3) Be adventurous by expanding your horizons. Try a new fruit or vegetable each week. Have you tried kohlrabi, beet greens, star fruit, kiwi, celeriac, jicama, parsnip, fennel, bok choy, arugula, watercress, burdock root, fava beans, taro root, or mustard greens? Your grocery may provide recipe cards. It’s easy to find recipes online if you’re unsure of how to prepare your new find.

4) Serve vegetable juices with meals and snacks for an easy way to boost your vegetable intake. Choose freshly made vegetable juice, preferably organic and low-sodium.

5) Add 2 cup of finely shredded carrots to 1 cup of salsa. The crunchy texture adds a great spark to the salsa. Or try grated zucchini or summer squash.

6) For breakfast, eat one or two eggs that are high in omega-3 (poached, boiled, or scrambled) with 1 cup of steamed green beans, spinach, arugula, kale, broccoli, zucchini, or other vegetables.

7) Make an egg scramble for breakfast. Dice or shred any combination of onions, red or green peppers, and mushrooms. Sauté the vegetables in olive oil until they are tender. Add eggs. Season with turmeric (which results in a nice yellow color), garlic, thyme, oregano, nutritional yeast, pepper, other spices, or some combination of these ingredients.

8) Make a breakfast burrito packed with pinto or black beans, onions, peppers, mushrooms, zucchini, and tomatoes.

9) Try a fruit smoothie for breakfast. In a blender, purée 2 cup of green tea (or soy, rice, or almond milk; or organic low-fat yogurt or kefir), 1 tablespoon of whey protein powder, 2 banana, 2 cup of fresh berries, 4 teaspoon of fresh lemon or orange zest, and 1 tablespoon of flaxseed meal. For variety, try mango-peach, tangerine-raspberry, pineapple-coconut, blueberry-nectarine, or any combination you desire!

10) Incorporate more green, leafy vegetables into your diet. Choose spinach, Swiss chard, collards, kale, mustard greens, arugula, young dandelion leaves, or beet or turnip greens. Serve cooked greens with scrambled eggs or tofu for breakfast. Add a bunch of chopped greens to soups, stews, or salads. Try this Brazilian healthy food recipe: Salada de Palmito- Hearts of Palm Salad. Mix chopped, cooked greens into hummus or other dips. (Fresh greens have more nutrition, but you can keep frozen spinach on hand for convenience.)

11) Serve vegetable curries (broccoli, cauliflower, green beans, carrots, yams, and Brussels sprouts are great in curry).

12) Serve fresh (or frozen) berries with plain low-fat yogurt for a snack or dessert.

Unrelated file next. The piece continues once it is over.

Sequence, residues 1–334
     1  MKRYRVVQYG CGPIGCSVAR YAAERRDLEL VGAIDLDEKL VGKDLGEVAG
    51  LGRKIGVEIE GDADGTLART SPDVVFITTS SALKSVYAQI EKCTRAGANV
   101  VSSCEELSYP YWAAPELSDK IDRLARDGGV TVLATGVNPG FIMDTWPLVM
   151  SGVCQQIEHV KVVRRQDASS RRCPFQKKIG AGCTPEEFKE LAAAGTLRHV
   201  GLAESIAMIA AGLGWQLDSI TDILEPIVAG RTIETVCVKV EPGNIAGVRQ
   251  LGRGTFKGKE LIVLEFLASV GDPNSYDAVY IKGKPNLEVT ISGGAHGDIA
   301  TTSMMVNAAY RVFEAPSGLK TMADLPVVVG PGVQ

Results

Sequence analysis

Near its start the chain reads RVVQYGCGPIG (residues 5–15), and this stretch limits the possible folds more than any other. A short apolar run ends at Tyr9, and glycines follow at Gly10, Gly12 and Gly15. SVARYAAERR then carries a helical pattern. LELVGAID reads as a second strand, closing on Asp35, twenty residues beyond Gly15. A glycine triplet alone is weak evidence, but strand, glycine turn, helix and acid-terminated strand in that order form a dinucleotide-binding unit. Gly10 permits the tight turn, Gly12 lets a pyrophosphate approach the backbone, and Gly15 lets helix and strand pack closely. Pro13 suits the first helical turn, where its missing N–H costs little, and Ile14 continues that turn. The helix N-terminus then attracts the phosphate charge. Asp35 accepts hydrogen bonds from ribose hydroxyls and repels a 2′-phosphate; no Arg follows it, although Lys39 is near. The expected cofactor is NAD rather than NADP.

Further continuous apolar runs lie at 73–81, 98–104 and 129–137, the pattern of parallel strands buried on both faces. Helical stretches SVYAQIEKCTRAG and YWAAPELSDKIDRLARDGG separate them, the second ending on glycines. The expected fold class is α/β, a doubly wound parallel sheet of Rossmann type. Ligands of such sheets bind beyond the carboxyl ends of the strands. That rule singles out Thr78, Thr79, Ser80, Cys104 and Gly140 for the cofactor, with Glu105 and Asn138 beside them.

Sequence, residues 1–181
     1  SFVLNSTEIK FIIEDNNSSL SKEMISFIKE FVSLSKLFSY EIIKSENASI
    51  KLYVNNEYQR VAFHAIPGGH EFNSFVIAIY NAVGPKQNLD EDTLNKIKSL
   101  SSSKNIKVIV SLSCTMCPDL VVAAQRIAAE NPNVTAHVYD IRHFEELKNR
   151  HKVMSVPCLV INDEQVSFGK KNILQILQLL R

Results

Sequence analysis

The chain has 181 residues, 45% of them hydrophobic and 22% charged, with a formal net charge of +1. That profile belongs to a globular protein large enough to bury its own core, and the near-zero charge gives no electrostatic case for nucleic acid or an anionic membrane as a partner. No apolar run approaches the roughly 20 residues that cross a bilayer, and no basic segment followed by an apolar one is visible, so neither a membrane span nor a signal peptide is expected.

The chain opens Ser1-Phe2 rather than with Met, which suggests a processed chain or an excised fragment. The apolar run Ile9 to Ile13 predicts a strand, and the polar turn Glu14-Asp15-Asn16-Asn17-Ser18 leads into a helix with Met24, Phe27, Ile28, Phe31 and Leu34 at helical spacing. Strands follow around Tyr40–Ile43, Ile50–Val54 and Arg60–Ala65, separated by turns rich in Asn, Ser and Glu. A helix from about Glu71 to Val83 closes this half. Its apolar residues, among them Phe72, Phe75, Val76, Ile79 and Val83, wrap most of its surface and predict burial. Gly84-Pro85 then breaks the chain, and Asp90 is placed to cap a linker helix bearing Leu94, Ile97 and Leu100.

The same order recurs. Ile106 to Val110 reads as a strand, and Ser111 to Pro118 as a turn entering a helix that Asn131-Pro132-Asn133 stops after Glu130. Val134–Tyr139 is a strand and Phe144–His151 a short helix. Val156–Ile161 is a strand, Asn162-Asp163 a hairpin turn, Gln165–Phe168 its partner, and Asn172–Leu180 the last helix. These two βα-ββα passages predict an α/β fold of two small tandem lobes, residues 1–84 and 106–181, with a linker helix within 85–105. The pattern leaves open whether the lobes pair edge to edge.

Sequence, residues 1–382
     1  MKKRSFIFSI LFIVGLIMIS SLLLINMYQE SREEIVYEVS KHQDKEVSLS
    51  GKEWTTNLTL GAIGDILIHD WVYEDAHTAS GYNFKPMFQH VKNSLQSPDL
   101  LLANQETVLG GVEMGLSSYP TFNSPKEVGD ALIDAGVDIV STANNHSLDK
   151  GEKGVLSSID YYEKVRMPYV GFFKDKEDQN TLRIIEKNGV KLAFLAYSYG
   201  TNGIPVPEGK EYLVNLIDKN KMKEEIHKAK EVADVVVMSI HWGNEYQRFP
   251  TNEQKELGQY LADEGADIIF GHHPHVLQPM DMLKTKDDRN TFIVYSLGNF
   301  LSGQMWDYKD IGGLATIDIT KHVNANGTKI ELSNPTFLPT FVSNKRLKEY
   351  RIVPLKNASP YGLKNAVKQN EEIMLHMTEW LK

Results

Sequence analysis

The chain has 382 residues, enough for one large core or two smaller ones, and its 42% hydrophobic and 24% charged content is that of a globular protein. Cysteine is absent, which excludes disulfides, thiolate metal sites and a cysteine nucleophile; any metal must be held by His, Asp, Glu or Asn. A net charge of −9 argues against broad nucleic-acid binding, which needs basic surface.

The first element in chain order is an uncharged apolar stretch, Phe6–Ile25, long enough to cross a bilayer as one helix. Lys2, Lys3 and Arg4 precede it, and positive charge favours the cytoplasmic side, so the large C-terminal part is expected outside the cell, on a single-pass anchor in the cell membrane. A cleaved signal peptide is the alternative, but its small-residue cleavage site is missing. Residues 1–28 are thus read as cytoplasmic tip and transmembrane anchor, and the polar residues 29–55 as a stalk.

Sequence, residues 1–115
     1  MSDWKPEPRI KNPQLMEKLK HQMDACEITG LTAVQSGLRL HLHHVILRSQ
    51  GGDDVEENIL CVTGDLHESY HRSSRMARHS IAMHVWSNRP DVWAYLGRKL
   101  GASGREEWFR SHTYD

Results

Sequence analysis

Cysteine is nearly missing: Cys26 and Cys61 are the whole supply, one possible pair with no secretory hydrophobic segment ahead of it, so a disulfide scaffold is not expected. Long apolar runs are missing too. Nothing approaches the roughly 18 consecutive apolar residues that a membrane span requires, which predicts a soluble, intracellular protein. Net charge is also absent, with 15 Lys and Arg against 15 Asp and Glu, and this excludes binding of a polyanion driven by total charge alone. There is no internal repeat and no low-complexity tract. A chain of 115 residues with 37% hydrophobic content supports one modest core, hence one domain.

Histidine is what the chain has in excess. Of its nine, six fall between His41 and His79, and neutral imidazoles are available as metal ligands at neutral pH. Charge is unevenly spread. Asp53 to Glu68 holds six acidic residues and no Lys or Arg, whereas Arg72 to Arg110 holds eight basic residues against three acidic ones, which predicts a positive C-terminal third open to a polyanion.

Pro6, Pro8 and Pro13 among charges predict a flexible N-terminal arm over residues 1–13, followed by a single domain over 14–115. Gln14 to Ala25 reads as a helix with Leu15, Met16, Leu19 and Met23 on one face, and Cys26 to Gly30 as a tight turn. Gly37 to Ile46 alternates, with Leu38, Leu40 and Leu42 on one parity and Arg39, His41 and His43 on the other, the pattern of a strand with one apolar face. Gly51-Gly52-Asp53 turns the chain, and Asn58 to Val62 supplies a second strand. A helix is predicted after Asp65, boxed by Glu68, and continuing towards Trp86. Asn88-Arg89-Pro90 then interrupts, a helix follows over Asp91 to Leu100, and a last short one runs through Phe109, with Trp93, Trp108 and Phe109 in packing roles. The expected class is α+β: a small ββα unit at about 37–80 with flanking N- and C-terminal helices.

13) Grate the peel and pith from a fresh organic lemon or orange, and add the zest to oatmeal, muesli, cereal, whole-grain muffins, waffles, salads, or tea.

14) Keep a bag of baby carrots, celery sticks, red pepper slices, and snap peas on hand for snacking. Serve with hummus, salsa, or bean dip.

15) Expand the variety of vegetables in your salads beyond tomatoes and cucumber. Start with a variety of leafy greens. Banish iceberg lettuce, which is nutritionally “bankrupt,” and choose romaine, red-leaf lettuce, mesclun, raw spinach, beet greens, and other dark, leafy greens. Top with ample chopped, diced, or grated vegetables. Add lots of different colors of vegetables for visual appeal. Try these vegetables in your next salad:

broccoli sprouts
cabbage, red or green
daikon sprouts
eggplant, grilled
fava beans
garlic cloves, roasted
green beans
onion, red or white
peppers, red or yellow
sugar snap peas
sunflower sprouts
yams, grated raw

16) For a treat, fresh fruit is nice for salads too. Try orange slices, raspberries, apple chunks, kiwis, pomegranate pearls, red grapes, mango, or grated orange or lemon zest.

17) When baking muffins, cookies, or other treats, add grated carrots or zucchini to the recipe to boost fiber and carotenoid intake.

18) Use apple sauce or prune purée to replace half of the fat in baked goods. You can use puréed prunes (or baby-food prunes) to replace all the fat in chocolate brownies or baked goods. They add a chewy texture and a sweet flavor. Place a cup of dried, chopped, pitted prunes in a blender and add 3 tablespoons of very hot water. Blend until the prunes are smooth.

19) For a quick favorite family meal, top an organic frozen pizza with extra vegetables (onions, broccoli, red pepper, artichoke hearts, spinach, dried tomatoes).

20) For a simple dinner, try roasted vegetables. Dice onion, leek, fennel, rutabaga, turnip, yam or sweet potato, zucchini, burdock root, red pepper, portobello mushrooms, peeled whole garlic cloves, and sprigs of fresh rosemary (optional). 

21) Toss with olive oil and roast uncovered in the oven at 375°F for 1 hour. Make extra; they are delicious as leftovers.